A total of 190,000 cases related to infringement of intellectual property rights (IPR) were handled in the past five years in China, an average annual increase of 40 percent, Shen Changyu, director of the State Intellectual Property Office (SIPO), told the press on Tuesday on the sidelines of the first session of the 13th National People’s Congress.
The country’s efforts on IPR protection have aroused a higher degree of satisfaction among the public, who gave 76 points in this area in 2017 compared with 63 points in 2012, Shen said.
The progress can be evidenced by the deal of US chipmaker Qualcomm Inc. in China. Last year, Qualcomm set up a joint venture with an investment 1.85 billion yuan (about $294 million) in southwest China’s Guizhou province, partnering with the provincial government for the design and development of advanced server chipset technology.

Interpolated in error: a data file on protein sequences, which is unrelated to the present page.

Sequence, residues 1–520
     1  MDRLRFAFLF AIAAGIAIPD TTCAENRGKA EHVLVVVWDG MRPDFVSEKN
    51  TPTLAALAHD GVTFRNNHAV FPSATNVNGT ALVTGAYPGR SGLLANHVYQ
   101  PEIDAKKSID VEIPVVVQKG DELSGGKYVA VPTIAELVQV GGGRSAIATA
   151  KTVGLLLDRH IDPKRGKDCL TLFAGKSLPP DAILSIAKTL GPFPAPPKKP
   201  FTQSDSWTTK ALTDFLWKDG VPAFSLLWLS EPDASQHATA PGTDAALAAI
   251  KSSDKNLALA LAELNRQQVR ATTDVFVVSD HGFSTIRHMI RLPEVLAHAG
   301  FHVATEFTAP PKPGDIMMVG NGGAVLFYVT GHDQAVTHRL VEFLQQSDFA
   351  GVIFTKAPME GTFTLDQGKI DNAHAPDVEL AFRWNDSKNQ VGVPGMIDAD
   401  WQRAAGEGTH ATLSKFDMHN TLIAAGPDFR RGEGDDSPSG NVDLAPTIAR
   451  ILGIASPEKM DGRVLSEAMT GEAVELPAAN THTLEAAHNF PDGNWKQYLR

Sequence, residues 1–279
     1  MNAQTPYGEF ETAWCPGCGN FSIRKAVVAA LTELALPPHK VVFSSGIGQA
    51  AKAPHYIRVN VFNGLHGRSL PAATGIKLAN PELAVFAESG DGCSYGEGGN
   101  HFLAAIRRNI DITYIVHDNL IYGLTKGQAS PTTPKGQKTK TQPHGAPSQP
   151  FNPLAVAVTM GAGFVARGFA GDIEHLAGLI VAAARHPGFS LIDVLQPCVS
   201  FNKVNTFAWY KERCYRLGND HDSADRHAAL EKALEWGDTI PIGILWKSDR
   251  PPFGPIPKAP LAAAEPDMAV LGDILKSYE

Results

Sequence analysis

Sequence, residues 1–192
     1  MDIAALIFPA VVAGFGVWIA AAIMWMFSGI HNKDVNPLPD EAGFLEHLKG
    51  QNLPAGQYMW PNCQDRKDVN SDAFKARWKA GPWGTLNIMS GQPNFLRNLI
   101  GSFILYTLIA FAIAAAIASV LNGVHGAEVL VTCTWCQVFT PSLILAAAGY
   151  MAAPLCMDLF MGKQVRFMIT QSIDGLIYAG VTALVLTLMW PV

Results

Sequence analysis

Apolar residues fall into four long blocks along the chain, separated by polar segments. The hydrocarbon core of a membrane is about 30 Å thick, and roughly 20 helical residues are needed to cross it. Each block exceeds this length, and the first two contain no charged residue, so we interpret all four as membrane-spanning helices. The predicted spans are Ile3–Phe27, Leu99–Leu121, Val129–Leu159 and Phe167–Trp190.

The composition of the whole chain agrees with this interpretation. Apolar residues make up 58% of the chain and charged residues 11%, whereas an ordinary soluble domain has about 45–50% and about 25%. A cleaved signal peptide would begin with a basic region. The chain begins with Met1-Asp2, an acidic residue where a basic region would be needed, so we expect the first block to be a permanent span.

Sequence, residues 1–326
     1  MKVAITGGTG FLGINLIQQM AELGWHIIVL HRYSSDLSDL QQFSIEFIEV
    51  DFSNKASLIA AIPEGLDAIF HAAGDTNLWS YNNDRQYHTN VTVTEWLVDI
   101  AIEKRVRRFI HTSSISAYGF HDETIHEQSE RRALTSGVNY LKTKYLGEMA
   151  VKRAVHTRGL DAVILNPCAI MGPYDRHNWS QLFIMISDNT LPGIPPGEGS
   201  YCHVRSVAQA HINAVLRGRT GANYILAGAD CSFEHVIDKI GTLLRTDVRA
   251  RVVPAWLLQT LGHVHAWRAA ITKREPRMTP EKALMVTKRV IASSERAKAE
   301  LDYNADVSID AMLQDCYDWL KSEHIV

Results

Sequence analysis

“We have seen China’s determination to protect intellectual property after its implementation of national intellectual property strategy,” Mark Snyder, Senior Vice President of Qualcomm Incorporated, explained why his company has chosen China as a destination of investment.
The tech giant also agreed with local government to set up a holding company in the province to manage investment in the Chinese market.
The SIPO has established 19 IPR centers nationwide, which have been proved effective in IPR protection. This year, the office will launch a larger IPR framework and optimize its structure.
Strengthening the protection of intellectual property is emphasized in Chinese Premier Li Keqiang’s report on the work of the government delivered on March 5. To achieve this, Shen said the SIPO will take more efforts.